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Nuclear Deal Will Play A Role In Iran's Elections
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Nuclear Deal Will Play A Role In Iran's Elections

Middle East

Nuclear Deal Will Play A Role In Iran's Elections

Nuclear Deal Will Play A Role In Iran's Elections
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Iranians vote Friday for parliament and a committee that could someday choose the next supreme leader. Reformers aren't getting traction as the benefits from the nuclear deal are slow to materialize.

STEVE INSKEEP, HOST:

Iran holds elections this week. Voters choose a Parliament and also choose the members of another body that in turn may one day choose a Iran's next Supreme Leader. So much is at stake, although Iran's ruling clerics do carefully manage elections in that country. NPR's Peter Kenyon is there to watch it all. He's observing the campaigning in Tehran. And, Peter, let's talk about these elections in turn. First the parliament - what's happening?

PETER KENYON, BYLINE: Well, there's 290 seats up for grabs. And I've been talking to voters and meeting candidates. And one of the women candidates is a very interesting character. Her name is Rafat Bayat. She's a conservative. She's got a very strong pedigree politically. She's running, she says, because she's not happy with the way the government's been trying to revive the economy. And she just doesn't buy this argument that sanctions relief is coming, just be patient, it takes time. She says no - she can see who's benefiting, and it doesn't seem to be ordinary Iranians. Anyway, here's what she says in Persian.

RAFAT BAYAT: (Speaking Farsi).

KENYON: Now, what she's focusing on is this particular deal - pretty high-profile - where Iran bought more than 100 new airplanes. I said, well, Iranians need new, safer, modern planes, don't they? She said, yeah, OK, maybe 30 or 40 - but over 100? I mean, that's a huge boon to European plane companies - not much help to the Iranian people. And this is the kind of thing I've been hearing on the street as well - a lot of promises that sound great, but so far there's nothing tangible to hold on to. A bus driver told me, we're just hanging on by our fingernails, you know? It doesn't matter so much if they're conservative or moderates or reformers, we need people who can get things done.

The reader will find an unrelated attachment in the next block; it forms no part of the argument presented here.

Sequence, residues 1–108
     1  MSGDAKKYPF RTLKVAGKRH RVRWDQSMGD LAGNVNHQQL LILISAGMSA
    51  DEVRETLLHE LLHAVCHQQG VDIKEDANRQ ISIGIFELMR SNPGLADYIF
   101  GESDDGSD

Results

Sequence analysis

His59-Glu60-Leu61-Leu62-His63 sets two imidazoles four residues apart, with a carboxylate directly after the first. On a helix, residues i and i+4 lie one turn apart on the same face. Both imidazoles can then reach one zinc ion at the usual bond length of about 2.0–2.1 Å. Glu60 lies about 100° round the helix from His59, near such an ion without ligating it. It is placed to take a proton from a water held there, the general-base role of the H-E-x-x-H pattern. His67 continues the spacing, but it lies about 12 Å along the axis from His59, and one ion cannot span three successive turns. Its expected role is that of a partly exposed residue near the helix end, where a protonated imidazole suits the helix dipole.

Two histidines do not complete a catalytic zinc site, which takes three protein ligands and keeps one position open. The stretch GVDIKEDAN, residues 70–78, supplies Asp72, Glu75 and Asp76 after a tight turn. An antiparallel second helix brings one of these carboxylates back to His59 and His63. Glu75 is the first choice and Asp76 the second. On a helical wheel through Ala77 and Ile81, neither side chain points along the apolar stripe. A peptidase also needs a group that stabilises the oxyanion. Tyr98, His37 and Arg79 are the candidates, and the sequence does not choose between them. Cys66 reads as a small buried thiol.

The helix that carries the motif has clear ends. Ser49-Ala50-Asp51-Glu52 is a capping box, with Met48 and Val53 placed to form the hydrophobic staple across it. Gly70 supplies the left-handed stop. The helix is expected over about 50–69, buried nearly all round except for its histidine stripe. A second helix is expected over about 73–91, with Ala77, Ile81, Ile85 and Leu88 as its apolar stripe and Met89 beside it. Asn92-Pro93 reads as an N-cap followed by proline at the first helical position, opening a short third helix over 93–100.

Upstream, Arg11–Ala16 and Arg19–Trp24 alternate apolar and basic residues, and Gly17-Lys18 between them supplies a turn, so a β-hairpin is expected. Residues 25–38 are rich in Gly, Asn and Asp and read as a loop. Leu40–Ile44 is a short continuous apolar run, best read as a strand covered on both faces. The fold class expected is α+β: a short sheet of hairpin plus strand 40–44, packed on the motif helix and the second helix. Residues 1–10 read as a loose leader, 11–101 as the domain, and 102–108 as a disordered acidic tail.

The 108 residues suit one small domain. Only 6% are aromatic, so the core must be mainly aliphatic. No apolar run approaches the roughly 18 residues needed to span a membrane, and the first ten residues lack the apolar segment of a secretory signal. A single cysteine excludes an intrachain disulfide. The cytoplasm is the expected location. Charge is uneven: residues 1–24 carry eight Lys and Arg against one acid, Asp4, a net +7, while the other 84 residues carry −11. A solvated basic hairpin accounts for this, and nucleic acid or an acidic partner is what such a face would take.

INSKEEP: You are reminding us that at election time, anyway, there's a degree of openness in Iran. People can speak freely, and they absolutely do at that time. But it's very a short election period, isn't it?

KENYON: It's amazing. It's seven days. Talking to Rafat Bayat bore that out. She works extremely long days. We couldn't have our interview until after 10 p.m. It's not enough time, especially for an independent candidate like her. But it does also force them to be creative. I also met her 24-year-old son Mohammed. He's a bit of a tech wiz. He showed me this app that everybody has now. It's called Telegram. It's got some of the same features as Twitter, and housewives, clerics, college students - everybody seems to know about it. And all of these campaigns are using it to organize meetings, get their message out, anything. Especially when you only have a week to do it, technology is a help.

INSKEEP: I guess we should mention they're using that app for many reasons, one of them being that Twitter is banned - is blocked, I should say - in Iran.

KENYON: Quite right.

INSKEEP: Now let me just ask, Peter. You mentioned that this was a rather conservative candidate you were talking to. There are other people known as reformists who want to change the system far more rapidly than the ruling clerics might like. How are they doing in this campaign?

KENYON: They've got a difficult path to a small reward, I would say. There may only be a week of campaigning, but before that there were seven weeks of vetting. Analyst Ali Vaez of the Crisis Group pointed this out to me before I left Istanbul. You know, they knocked out most of the reform candidates, and what's left is maybe a chance of a big turnout on the reform side even though they don't have many people to vote for, just in hopes that they can keep the most extreme hardliners out of the parliament. So that's really what they're faced with.

INSKEEP: Now, what about this other body that's being chosen, the Assembly of Experts, which will in turn choose a Supreme Leader someday? What's happening there?

KENYON: Well, that's about 88 people - Islamic scholars and jurists. And that is an important role. I mean, Ali Khamenei, the Supreme Leader, turned 77 this year. This could be the group that has to pick the next leader. President Rouhani's running. So is former president Rafsanjani. But by and large, this is a very conservative bunch. Even the grandson of Ayatollah Khomeini was rejected. He happens to be a reformer. And there were 16 women who applied, some of them quite conservative - not one was accepted.

INSKEEP: Peter, thanks very much.

KENYON: You're welcome, Steve.

INSKEEP: That's NPR's Peter Kenyon in Tehran, where an election campaign is underway.

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